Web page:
Returning to the welcome page, the user can instead choose to explore tables containing data extracted from automated BLAST searches against the euGenes database, which includes annotated genome sequences from 10 eukaryotic model organisms. Although this option for gene searching is more tedious, it does allow users to focus precisely on the data currently available in wFleaBase. Four tables of BLAST results are offered at by following the "Genomics" hyperlinks located at the top and side menus. At present, Daphnia EST and GSS sequences are each compared to the protein coding genes and to genomic sequences in euGenes. Many options exist for sorting the BLAST tables. The user can specify what BLAST result columns to show, and can sort these columns based on the ascending or descending order of their entries. The tables can also include BLAST results against all organisms within euGenes or the tables can be filtered to include results from comparisons against a single taxon. For example, the same user, now looking to find a Daphnia homologue to genes known to confer salt-resistance to species inhabiting saline environments, begins by searching for names or euGenes accession numbers of functionally related genes within the Blast tables using the wFleaBase search function located in the top menu of the Blast tables. If the user chooses to search for "ATPα", which is a sodium/potassium-exchanging ATPase shown to be under positive selection in brine shrimp populations adapted to ultra-saline waters [14], 11 EST records that match ATPα in fly are discovered with bit scores and E-values ranging from 42.36 and 0.002 to 327.0 and 2.2e-89. The user can retrieve the Daphnia sequences via hyperlinks located in the first column of the search results, or further uncover the extent of evolutionary conservation for this gene by examining the euGene Reports, also via hyperlinks located in the last column. Alternatively, if the user chooses to use the FlyBase accession number for this gene (FBgn0002921) to retrieve Daphnia homologues using the search function, the same 11 records are obtained.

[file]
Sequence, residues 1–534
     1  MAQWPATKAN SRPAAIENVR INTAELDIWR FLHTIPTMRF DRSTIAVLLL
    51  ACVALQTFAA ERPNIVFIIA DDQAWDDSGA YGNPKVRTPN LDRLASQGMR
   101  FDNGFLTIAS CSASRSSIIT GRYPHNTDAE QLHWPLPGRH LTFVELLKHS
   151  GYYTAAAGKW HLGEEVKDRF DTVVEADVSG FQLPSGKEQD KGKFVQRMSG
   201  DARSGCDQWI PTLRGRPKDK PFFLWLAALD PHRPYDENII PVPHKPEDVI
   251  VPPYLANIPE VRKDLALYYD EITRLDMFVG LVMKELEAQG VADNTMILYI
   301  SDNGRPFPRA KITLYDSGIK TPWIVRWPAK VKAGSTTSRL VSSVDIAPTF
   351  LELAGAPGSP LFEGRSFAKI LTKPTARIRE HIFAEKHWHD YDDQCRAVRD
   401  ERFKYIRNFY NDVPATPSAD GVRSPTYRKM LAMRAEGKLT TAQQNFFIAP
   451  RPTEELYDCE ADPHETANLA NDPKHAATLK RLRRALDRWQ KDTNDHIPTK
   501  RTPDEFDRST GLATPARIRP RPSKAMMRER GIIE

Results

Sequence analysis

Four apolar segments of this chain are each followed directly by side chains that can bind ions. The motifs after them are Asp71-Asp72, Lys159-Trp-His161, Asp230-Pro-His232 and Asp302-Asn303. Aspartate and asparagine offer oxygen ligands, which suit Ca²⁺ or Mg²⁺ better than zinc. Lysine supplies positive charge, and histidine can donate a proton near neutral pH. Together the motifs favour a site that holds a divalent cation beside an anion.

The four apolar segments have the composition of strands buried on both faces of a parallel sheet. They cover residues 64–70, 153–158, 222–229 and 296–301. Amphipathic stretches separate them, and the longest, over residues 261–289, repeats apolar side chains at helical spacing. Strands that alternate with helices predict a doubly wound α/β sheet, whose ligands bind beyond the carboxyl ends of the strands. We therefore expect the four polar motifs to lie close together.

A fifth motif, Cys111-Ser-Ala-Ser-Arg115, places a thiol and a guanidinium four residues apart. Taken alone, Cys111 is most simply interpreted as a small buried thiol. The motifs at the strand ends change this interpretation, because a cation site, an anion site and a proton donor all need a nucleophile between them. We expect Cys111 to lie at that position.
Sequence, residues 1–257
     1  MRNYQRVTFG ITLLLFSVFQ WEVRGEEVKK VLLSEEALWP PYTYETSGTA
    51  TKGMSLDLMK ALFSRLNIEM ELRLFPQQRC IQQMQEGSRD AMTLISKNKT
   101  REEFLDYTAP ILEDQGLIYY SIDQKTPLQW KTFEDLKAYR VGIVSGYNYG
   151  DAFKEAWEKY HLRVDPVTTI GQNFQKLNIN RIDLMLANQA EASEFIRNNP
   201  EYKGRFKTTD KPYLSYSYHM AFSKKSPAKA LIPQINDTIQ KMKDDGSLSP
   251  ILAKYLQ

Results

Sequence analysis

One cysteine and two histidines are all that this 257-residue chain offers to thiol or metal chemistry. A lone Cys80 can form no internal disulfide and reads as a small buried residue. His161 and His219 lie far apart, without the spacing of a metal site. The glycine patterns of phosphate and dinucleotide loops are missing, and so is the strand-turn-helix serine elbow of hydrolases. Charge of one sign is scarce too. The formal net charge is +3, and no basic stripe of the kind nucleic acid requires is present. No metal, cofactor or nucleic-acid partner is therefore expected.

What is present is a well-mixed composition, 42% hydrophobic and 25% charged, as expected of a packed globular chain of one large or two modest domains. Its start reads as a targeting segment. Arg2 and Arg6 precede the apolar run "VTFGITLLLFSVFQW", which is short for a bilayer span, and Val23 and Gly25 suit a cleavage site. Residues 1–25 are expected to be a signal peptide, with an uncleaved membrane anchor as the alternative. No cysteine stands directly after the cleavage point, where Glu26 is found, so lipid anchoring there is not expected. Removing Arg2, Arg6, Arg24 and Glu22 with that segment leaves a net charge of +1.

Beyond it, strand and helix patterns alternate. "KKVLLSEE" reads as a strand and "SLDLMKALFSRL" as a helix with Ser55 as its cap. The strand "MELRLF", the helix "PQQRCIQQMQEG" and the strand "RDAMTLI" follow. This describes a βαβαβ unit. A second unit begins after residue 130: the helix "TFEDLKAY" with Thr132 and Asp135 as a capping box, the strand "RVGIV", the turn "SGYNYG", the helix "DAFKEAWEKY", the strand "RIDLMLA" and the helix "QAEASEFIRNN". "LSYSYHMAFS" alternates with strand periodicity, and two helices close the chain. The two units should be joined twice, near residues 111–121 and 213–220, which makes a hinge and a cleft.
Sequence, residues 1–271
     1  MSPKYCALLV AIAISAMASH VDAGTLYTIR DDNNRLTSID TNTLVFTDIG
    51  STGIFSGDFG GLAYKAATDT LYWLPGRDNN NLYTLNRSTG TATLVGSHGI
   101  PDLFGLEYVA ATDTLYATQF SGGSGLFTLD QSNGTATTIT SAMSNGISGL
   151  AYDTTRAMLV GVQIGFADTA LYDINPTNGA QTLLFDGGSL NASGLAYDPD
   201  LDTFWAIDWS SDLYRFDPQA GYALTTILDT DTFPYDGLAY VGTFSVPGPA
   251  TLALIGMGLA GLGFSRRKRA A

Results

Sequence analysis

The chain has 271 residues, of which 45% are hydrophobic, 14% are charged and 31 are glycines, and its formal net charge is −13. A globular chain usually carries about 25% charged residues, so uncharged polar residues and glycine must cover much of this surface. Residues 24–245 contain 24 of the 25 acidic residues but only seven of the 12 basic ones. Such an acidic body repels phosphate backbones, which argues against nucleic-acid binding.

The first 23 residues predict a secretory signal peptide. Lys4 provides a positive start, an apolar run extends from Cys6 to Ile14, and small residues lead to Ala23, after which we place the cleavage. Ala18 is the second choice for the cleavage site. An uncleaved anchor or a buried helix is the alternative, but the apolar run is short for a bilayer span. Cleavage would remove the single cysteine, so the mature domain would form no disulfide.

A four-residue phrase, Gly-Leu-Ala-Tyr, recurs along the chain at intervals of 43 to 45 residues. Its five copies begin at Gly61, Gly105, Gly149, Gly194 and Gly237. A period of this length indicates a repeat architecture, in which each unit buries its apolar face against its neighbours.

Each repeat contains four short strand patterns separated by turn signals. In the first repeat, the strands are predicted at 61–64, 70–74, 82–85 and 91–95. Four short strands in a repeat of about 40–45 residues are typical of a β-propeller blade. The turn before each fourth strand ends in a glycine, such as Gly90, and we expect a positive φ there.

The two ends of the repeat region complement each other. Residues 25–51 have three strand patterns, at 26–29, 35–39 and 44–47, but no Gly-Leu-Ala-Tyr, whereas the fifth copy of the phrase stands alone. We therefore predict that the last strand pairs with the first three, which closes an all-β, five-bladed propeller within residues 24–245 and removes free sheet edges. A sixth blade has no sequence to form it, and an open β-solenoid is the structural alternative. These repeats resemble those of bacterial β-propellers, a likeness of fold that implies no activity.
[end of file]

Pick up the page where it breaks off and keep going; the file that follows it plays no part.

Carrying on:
Tools for hunting unknown genes

Although effective, the candidate gene approach to finding Daphnia genes of ecological interest is limited by the levels of sequence and functional conservation among characterized genes in other model organisms. Work is underway by the DGC to create the required tools for identifying ecologically relevant genes by positional mapping using microsatellite markers. wFleaBase presently archives 528 microsatellite markers [15]. Yet, to generate additional loci for genetic mapping in D. pulex and D. magna, wFleaBase integrates a suite of computational programs that (i) identifies microsatellites from raw DNA sequencer trace files, (ii) designs optimal primers for amplifying the markers and (iii) indexes the amplicon, microsatellite motifs and primer information into the Microsat database [16]. The Microsat database will rapidly grow by applying this pipeline to trace files emerging from the Daphnia genome sequencing project.